Q) What about our Data Science organization drew you to Lyft?

Before the Data Science organization, I was first attracted to Lyft because it shares my personal mission around transportation for livable cities. Then, the fact that Lyft is pursuing these goals through the use of technology and data played to my technical strengths. I felt that I had a tremendous amount to learn from the company, while being able to provide a unique perspective given my background in other transportation contexts.

Coming to Lyft from outside the broader Tech industry and as a not-so-young person (with kids), I was a little afraid that I might be an outlier on the team. However, the very first piece of content in day 1 of onboarding highlighted how many of the 90 people in the onboarding class talked about their children. It immediately made me feel right at home.

Q) Lastly, what is the best advice you could give to someone hoping to pivot into Data Science?

At Lyft we expect Data Scientists to “continuously earn a seat at the table through thought leadership and deep collaboration.” We are knowledge-workers in the purest form (i.e. creating knowledge), so none of the work matters if our colleagues don’t consume, understand, and believe it. This is about both which work you do — which problems are you going after to drive the most benefit — and also about how you communicate the results. Double down on thinking about your audience, understanding their needs, and delivering your work and insights in a way that speaks to them.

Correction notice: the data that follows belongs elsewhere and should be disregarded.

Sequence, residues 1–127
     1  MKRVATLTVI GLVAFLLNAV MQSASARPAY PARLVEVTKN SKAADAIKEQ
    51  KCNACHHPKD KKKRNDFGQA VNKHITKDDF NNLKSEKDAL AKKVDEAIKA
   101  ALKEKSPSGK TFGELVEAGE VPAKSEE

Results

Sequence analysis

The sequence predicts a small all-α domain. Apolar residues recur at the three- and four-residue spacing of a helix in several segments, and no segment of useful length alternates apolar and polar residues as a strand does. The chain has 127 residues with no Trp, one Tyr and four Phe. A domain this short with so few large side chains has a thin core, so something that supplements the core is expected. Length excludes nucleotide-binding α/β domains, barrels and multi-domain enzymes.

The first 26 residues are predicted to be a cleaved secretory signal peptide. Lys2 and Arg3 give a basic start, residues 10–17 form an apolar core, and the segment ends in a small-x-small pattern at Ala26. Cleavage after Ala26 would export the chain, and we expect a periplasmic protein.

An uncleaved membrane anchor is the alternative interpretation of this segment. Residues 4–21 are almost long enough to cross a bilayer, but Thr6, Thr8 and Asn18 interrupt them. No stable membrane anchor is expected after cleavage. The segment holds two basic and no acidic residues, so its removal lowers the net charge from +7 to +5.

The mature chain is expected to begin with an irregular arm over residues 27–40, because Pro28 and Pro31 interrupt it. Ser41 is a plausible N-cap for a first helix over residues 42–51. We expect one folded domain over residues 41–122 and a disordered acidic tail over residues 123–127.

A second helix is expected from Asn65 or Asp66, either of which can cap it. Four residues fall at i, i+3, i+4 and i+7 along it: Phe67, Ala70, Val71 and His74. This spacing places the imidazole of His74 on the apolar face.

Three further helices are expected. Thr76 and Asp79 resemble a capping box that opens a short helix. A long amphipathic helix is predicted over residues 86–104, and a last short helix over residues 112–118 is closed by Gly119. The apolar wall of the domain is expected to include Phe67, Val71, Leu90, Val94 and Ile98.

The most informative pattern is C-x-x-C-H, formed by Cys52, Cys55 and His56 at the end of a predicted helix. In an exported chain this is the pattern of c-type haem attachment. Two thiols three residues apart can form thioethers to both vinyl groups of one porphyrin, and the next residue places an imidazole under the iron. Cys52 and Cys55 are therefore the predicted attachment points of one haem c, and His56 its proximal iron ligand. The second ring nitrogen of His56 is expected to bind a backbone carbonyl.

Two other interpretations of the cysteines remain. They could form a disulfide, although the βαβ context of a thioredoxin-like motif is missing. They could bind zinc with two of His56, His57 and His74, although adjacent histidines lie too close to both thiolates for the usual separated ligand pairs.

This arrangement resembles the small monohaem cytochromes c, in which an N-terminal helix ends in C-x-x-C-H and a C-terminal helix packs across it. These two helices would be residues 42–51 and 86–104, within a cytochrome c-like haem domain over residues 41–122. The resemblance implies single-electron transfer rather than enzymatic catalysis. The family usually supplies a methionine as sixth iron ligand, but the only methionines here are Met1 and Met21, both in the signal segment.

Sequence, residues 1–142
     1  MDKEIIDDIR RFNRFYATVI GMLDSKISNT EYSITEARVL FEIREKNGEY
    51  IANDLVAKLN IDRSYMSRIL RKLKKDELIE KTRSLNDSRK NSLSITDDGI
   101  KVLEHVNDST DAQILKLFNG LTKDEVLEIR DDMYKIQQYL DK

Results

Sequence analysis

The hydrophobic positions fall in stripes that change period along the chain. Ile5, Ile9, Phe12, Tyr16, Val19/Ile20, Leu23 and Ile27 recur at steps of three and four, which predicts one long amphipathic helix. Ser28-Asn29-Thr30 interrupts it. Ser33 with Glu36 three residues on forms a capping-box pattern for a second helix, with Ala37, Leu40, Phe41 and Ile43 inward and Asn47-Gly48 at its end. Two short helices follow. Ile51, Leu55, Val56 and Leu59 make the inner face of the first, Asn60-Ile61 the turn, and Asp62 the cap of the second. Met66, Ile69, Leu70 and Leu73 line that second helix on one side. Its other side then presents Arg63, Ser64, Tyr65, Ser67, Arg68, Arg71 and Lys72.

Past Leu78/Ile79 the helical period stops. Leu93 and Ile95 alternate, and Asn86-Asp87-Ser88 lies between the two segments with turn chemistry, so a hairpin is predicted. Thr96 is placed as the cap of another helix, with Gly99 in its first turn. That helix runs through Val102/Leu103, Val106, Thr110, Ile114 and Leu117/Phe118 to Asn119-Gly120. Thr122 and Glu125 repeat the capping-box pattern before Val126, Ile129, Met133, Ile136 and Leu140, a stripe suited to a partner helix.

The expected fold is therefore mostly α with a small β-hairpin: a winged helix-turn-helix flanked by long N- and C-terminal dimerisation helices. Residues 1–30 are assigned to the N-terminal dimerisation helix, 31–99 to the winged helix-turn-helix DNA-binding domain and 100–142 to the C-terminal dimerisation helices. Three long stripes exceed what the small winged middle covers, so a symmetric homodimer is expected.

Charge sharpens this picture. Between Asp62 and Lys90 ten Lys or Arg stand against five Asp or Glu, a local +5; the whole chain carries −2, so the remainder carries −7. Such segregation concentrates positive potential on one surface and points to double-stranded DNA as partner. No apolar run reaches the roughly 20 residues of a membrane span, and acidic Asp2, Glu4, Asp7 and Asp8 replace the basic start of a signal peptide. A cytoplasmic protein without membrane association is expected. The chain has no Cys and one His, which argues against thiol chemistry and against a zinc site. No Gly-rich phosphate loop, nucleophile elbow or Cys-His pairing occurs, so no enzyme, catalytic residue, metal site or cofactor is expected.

Troy Shu

Troy Shu

Q) How did you get here? How do you feel this path equipped you with the skills necessary to succeed in Data Science?

My path to Data Science was a little circuitous but I think it prepared me well. After studying Computer Science and Economics in undergrad, I worked at a quant hedge fund where we used Python pandas every day. I didn’t know it at the time but a whole new field called Data Science would soon be created around such tools.

After a year, I left finance to work as a backend software engineer at a startup. I learned a lot about software development processes there. Throughout this time I built (and still build) software tools, which is where I learned about the importance of analytics in building software that users love.

While I enjoyed building software, I also liked finding insights in data. I found I wanted to influence — and even make — higher level product or strategic decisions, so I left my software engineering job and spent a year “exploring.” During that year, I freelanced as a software engineer with data chops, tried to start a company with friends (twice, neither worked out), and explored both Product Management and Data Science job openings. By now Data Science had exploded in popularity. I decided that Data Science was a good fit for me, and here I am!

Q) Are there things that surprised you or really challenged you once you made the transition?

When I first transitioned into Data Science, I was most surprised by how much Data Scientists (at least product-oriented ones) rely on SQL and A/B testing on the job. For example, while I was familiar with programming languages like Python and had used pandas a lot, I never had to learn SQL before becoming a Data Scientist. SQL wasn’t taught in my Computer Science classes in college. Looking back, all the SQL practice I get every day has really shown me how being fluent in SQL helps you become much better at both thinking about and wrangling data.